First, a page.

College kids learn about Keynesian economics in the first week of class in September, Ezra said. But in the last year, for all his trying, President Obama couldnt explain it to us:
College kids learn it in the first week. But when delivered to us, the American people, it proved almost impossible to explain
Were not sure wed agree with Ezras portrait of Obamas year-long efforts. For our money, Obama didnt try nearly hard enough, in the past year, to sit down in a fireside setting and explain our remarkable economic circumstances to us, the American people. But almost surely, most people really dont understand the principles of Keynesian counter-cyclical spending. As Ezra noted, the basic idea is counter-intuitive. And can we talk? Most people never took the class which included that helpful first week.
(For the record: Familiarity with Keynesian theory doesnt necessarily compel belief in its tenets.)
Simple story: We the people often come up short in the matter of intellectual capital. Every information survey shows it; we rarely know the basic facts about the biggest public issues. We may not understand the basic theories which drive a great deal of public debate. But then, its very hard to be well informed, even for those of us who try to follow the news very closely. In our polarized political and journalistic cultures, we can always accept the narratives churned out by well-meaning helpmates on our own side. (For our money, Rachel Maddow conducted a three-credit course in over-simplification just last night.) But its hard to know what is actually true; our system doesnt really run on information, facts or pursuit of the truth.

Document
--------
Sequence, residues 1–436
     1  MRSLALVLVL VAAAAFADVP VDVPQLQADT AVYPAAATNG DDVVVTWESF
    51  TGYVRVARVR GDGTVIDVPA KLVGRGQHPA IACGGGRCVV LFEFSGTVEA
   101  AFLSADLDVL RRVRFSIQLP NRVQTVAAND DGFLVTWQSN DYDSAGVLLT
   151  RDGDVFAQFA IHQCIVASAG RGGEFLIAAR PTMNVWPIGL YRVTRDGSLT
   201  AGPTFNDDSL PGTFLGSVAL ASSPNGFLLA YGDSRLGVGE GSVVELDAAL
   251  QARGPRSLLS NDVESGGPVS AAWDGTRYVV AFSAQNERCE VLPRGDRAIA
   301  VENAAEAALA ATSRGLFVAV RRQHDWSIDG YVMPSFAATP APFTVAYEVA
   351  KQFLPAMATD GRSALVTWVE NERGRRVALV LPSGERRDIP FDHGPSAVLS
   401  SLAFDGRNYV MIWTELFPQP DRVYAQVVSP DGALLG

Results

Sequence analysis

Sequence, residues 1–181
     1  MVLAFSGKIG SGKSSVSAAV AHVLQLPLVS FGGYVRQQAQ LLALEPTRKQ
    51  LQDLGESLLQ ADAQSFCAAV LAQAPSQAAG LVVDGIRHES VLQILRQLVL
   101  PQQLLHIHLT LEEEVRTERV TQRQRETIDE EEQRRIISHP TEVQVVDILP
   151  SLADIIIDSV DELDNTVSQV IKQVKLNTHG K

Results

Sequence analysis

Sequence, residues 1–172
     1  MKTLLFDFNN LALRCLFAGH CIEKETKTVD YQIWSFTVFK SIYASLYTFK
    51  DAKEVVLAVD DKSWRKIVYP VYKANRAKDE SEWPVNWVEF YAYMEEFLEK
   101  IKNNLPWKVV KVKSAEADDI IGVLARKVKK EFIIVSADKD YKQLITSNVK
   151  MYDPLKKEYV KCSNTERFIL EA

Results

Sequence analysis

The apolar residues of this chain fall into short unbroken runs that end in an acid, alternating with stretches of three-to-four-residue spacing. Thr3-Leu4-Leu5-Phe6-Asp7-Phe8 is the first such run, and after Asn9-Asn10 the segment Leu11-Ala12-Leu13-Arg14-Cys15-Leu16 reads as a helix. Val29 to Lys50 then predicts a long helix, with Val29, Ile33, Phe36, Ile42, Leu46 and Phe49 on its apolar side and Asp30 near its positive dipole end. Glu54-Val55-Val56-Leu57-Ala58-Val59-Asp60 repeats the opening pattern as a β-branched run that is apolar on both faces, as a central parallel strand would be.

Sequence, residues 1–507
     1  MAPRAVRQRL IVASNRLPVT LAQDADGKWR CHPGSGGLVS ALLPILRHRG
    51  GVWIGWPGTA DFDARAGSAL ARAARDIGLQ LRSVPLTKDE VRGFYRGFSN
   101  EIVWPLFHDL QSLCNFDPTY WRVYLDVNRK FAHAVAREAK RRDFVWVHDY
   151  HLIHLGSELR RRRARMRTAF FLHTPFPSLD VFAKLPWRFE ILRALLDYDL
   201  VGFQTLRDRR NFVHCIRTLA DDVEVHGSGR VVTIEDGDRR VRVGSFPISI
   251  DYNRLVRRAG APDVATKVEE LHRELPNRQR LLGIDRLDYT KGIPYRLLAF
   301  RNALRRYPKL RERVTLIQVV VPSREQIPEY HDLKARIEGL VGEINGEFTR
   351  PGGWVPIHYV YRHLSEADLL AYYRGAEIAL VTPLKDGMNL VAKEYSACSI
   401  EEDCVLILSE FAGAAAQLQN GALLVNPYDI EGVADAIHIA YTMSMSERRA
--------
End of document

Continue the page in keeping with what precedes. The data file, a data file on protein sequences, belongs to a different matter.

Consider something else Ezra wrote, about health reform, in this recent blog post.
At this point, I don't think it's well understood how many of the GOP's central health-care policy ideas have already been included as compromises in the health-care bill, Ezra wrote. He went on to discuss what his headline called the six Republican ideas already in the health reform bill. He began with a familiar Republican idea: The idea that people should be allowed to buy health insurance across state lines.
This proposition has blanketed conservative talk over the past year. The proposition is widely heard on other news programs, where every Republican instantly states it as a tenet of health reform. (Allegedly, this would lower the cost of insurance.) In what follows, we see Ezras account of the way this idea has been incorporated into the Senate health bill. Though we ourselves have no idea, well assume that what he says here is perfectly accurate:
Well assume Ezras post is accurate. Our point is somewhat different: